We’re watching a show on HBO, the one where Laura Dern plays a woman rebuilding. Her character has the same first name as me, and whenever someone says it, our dog perks her ears. She’s curled up on the couch, her snout pointed north. In each episode we’ve watched so far, Laura Dern pulls herself up and out of one mess only to land again in another. Tonight Laura Dern’s character is camping with her ex-husband, and she gently empties his Ziploc bag of drugs into a river. My dog’s breathing makes a low rumble. Her insides are pebbled with tumors. Each inhale seems to be two, the first gets stuck in her chest and her ribs shiver, then there’s a pause before her belly rises. On the TV, Laura Dern’s character is getting into a fight with her ex-husband in front of all those people and she’s going to go home, where she lives with her mother who is played by her real-life mother. She has no sense of boundaries or privacy, she is a bulldozer plowing into the soft sides of all the other people in her life, but she’s not malicious, she just wants to be better. Under the dog’s chin is a small dark patch of drool, I can’t imagine my life without her. That Laura Dern character has so much hope, I say out loud to my husband, its tenacious. My voice startles the dog. She puts her front legs on the floor and walks them forward. Hope is a stone in a pocket, heavy and hard, I think, no feathers, and the dog stands like that, front feet on the ground, back legs on the couch, a stretch and a stretch and a stretch.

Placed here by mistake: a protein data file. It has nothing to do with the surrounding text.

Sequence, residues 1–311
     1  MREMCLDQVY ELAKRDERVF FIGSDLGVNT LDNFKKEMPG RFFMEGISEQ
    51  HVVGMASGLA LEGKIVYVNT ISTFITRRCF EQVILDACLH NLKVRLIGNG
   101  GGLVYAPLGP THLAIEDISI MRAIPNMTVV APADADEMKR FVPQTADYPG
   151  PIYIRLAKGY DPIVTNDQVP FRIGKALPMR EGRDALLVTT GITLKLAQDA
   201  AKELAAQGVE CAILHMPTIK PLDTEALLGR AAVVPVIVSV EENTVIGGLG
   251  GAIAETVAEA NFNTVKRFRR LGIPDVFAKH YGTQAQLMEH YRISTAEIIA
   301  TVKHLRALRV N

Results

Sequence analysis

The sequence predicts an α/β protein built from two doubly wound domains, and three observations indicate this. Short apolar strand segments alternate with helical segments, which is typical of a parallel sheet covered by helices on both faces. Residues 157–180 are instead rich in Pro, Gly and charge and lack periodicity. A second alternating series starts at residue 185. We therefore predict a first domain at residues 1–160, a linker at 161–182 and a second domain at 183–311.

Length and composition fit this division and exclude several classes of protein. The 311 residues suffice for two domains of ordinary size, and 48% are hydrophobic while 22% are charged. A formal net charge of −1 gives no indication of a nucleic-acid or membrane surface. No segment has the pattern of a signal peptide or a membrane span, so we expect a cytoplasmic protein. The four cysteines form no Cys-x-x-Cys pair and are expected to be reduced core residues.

Amie Souza Reilly lives and teaches in Connecticut. Her work can be found in trampset, SmokeLong Quarterly, Catapult, and elsewhere. Tweets @Smidgeon227

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